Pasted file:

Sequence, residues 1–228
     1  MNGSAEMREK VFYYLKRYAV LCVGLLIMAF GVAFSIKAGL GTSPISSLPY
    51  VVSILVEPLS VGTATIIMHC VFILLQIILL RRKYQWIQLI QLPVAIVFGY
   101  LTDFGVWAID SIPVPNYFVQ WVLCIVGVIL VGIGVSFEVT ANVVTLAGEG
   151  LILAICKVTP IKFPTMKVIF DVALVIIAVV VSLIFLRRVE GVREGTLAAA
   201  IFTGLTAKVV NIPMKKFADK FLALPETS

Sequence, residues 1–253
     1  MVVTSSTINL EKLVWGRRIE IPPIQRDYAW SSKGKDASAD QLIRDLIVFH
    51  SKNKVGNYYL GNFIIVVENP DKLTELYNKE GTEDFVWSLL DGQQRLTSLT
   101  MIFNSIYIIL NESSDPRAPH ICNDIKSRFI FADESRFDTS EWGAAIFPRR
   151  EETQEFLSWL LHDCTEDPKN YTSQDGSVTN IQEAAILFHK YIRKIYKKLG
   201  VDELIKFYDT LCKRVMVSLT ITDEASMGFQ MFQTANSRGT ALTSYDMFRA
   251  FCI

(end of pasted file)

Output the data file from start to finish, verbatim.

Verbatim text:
Sequence, residues 1–228
     1  MNGSAEMREK VFYYLKRYAV LCVGLLIMAF GVAFSIKAGL GTSPISSLPY
    51  VVSILVEPLS VGTATIIMHC VFILLQIILL RRKYQWIQLI QLPVAIVFGY
   101  LTDFGVWAID SIPVPNYFVQ WVLCIVGVIL VGIGVSFEVT ANVVTLAGEG
   151  LILAICKVTP IKFPTMKVIF DVALVIIAVV VSLIFLRRVE GVREGTLAAA
   201  IFTGLTAKVV NIPMKKFADK FLALPETS

Sequence, residues 1–253
     1  MVVTSSTINL EKLVWGRRIE IPPIQRDYAW SSKGKDASAD QLIRDLIVFH
    51  SKNKVGNYYL GNFIIVVENP DKLTELYNKE GTEDFVWSLL DGQQRLTSLT
   101  MIFNSIYIIL NESSDPRAPH ICNDIKSRFI FADESRFDTS EWGAAIFPRR
   151  EETQEFLSWL LHDCTEDPKN YTSQDGSVTN IQEAAILFHK YIRKIYKKLG
   201  VDELIKFYDT LCKRVMVSLT ITDEASMGFQ MFQTANSRGT ALTSYDMFRA
   251  FCI